A fool and his money are soon parted...

Re:oh well (5, Insightful)

rufty_tufty (888596) | more than 3 years ago | (#33597754)

To be fair, I thought so far more scientists had been sent into orbit than uber-rich people

Re:oh well (1)

chichilalescu (1647065) | more than 3 years ago | (#33598034)

you're right. but it's my impression that we are now around a tipping point when improvements to the various technologies are (will be) made by for-profit companies, as opposed to state funded agencies.
think about automobiles: the first people to drive them were their inventors, but what followed was a period of novelty status, up to the point where the technology improved enough so that more people could afford them. In fact, I think the same thing is happening with electric cars now (actually, electric car batteries).

Re:oh well (1)

aliddell (1716018) | more than 3 years ago | (#33598082)

That doesn't, actually, make it a bad thing, though. I could go through the standard spiel about competition driving innovation, but the last thing I want is to start an ideology war in this thread.

Suffice to say that it doesn't much matter how we get up there, as long as we get up there.

Re:oh well (1)

WindBourne (631190) | more than 3 years ago | (#33598378)

And it will remain that way for a LONG LONG TIME. The CST will be used for transportation to private space stations. Who will buy the majority of them? Other nations. Brazil, India, Japan, Canada, Australia, Saudi Arabia, Israel, etc. will all want to create their own astronaut core and put ppl up there. WHy? For the day that private space goes to the moon. Likewise, for trying unique production of goods in micro G.

Re:oh well (-1, Troll)

Anonymous Coward | more than 3 years ago | (#33599384)

Wow, a real, live Space Nutter. How does it feel to be so clueless?

Please name one single manufactured item that needs micro gravity? That was a canard even in the '60s.

Re:oh well (0)

Anonymous Coward | more than 3 years ago | (#33599878)

Well you see you can have ants sort and screw in those really tiny screws they use in watches.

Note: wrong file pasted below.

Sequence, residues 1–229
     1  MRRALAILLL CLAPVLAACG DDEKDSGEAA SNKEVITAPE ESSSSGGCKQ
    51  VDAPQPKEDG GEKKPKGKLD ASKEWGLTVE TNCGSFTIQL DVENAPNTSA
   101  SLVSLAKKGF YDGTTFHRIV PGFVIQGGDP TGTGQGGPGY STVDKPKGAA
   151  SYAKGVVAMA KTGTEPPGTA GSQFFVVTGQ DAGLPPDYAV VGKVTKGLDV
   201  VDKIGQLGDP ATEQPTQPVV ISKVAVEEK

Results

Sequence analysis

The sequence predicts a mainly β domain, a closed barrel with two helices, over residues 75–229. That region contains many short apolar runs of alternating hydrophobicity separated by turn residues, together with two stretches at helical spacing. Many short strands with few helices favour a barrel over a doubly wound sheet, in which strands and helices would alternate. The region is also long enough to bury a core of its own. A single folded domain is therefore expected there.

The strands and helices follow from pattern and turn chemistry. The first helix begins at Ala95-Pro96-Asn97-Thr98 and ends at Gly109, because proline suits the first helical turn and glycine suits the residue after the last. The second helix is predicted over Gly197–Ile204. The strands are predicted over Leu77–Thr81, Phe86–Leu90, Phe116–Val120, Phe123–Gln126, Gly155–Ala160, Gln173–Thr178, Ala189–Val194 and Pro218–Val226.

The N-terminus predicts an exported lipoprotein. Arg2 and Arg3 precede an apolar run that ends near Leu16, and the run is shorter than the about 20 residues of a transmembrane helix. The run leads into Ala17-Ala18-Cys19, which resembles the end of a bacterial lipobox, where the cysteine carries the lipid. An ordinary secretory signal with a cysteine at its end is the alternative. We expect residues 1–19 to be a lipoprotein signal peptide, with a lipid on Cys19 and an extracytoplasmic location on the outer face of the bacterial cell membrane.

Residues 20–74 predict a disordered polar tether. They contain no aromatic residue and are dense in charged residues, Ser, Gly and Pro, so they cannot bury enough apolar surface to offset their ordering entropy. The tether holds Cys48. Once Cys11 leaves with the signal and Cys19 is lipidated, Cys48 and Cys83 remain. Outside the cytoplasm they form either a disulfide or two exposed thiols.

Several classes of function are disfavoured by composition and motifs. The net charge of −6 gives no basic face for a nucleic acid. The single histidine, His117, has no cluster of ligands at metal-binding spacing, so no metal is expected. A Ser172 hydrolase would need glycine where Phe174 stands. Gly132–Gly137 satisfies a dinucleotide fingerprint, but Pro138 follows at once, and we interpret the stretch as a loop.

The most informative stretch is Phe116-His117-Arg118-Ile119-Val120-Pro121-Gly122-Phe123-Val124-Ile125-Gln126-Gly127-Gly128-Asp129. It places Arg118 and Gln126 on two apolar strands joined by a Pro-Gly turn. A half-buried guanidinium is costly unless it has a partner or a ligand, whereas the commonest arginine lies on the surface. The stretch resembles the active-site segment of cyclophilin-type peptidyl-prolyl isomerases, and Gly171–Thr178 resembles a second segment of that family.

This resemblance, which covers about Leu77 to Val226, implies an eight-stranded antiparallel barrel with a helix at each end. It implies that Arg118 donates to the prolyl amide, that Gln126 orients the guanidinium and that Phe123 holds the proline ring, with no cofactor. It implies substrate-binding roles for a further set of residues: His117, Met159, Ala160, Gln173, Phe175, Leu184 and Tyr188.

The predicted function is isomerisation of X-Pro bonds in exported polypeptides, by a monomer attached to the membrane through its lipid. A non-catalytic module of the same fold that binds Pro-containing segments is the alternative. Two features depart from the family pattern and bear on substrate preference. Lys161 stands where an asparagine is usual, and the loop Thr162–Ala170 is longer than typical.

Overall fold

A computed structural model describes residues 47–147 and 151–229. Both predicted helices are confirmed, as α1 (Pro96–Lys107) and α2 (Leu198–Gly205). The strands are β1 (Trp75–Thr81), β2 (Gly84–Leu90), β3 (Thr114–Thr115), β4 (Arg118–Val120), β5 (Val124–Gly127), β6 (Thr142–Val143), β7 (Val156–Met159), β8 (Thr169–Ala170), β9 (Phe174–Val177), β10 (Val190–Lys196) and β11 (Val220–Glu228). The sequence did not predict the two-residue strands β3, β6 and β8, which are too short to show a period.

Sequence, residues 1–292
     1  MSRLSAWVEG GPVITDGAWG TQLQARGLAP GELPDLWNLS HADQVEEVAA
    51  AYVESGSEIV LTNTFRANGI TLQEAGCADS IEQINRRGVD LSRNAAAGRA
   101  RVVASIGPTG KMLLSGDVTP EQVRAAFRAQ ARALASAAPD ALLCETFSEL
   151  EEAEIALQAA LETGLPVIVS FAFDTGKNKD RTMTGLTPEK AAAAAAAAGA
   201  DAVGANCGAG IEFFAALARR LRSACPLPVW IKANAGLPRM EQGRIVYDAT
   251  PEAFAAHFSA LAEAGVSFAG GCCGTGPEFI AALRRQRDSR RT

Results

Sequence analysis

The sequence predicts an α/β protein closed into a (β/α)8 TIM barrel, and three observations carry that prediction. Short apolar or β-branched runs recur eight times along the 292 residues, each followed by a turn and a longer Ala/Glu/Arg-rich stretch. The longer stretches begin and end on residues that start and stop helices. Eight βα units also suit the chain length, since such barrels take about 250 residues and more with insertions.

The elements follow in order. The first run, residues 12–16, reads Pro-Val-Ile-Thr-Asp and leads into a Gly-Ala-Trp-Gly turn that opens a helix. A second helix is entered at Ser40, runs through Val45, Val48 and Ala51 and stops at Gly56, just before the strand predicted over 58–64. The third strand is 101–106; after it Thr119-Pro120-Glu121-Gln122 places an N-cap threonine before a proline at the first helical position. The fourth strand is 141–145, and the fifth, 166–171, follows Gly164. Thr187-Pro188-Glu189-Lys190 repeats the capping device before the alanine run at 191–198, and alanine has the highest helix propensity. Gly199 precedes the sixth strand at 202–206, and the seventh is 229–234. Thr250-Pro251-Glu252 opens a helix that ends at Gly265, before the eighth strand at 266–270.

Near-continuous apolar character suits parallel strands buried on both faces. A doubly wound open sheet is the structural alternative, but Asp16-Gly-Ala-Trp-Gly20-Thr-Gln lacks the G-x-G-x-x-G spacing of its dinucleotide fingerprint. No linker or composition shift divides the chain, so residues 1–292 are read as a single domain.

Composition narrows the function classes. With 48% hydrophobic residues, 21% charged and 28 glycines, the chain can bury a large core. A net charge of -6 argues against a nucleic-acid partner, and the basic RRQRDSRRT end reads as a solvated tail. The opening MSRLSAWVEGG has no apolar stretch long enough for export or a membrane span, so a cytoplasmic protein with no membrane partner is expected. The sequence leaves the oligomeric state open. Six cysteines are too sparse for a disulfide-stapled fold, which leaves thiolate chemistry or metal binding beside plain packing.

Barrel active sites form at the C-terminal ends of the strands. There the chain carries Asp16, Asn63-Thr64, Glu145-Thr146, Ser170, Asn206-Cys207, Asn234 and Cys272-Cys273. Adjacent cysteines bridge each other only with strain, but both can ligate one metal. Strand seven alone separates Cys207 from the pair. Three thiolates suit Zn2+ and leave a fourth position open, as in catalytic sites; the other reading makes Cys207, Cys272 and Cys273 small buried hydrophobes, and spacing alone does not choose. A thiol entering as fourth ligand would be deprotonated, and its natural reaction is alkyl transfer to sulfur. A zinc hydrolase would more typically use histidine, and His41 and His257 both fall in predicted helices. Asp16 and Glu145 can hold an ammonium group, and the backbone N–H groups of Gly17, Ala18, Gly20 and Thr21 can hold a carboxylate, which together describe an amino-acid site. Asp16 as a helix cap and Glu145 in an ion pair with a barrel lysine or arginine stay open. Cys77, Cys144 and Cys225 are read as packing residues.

Re:oh well (0)

Anonymous Coward | more than 3 years ago | (#33599228)

Why? As a scientist, you should know the tremendous energy cost to go to orbit far outweighs anything we can get back from it. You should also know space is empty. Furthermore, you should know space is no place for human beings. Between having no air, water, food, or even temperature, free-fall is very damaging to humans.

There's nothing out there, space will never be more than a stunt for rich people as you say.

Why would you want to get "off this planet"? It supplies us with everything we need, and guess what? It's ALREADY in space!

Sorry, but you are going to wait a long time for space to be more than a place for satellites. Actually, you should work on human life extension instead of tilting at space windmills.

Re:oh well (4, Insightful)

khallow (566160) | more than 3 years ago | (#33599370)

as a scientist, I'm disgusted

I have found that you can't do much with the disgust of scientists. It's too freely given.

but it's probably the only realistic option for progress on this front.

So what you're saying is that you should feel gratitude instead.

My point behind this little bit of snark is that here you admit that this is likely to be a very important pathway to getting stuff off planet. It is progress, that will lead to such things as cheaper access to space and subsequent greater ability to make scientific discoveries and inventions in space, for example. Yet I get the impression that you'd rather spurn this boon, if you could.

As I see it, the lack of gratitude, for things that help scientists, but in a crass way (or in some cases, anything that triggers feelings of inferiority), is a psychological problem with the scientific community and one of many problems that I think sap scientific progress. It demonstrates bias in a community that supposedly strives to eliminate bias. I think you should waste no time on feeling disgust and instead ask "How can I/we take advantage of this situation?" After all, a spacecraft that can take cavorting rich people into space can also take experiments.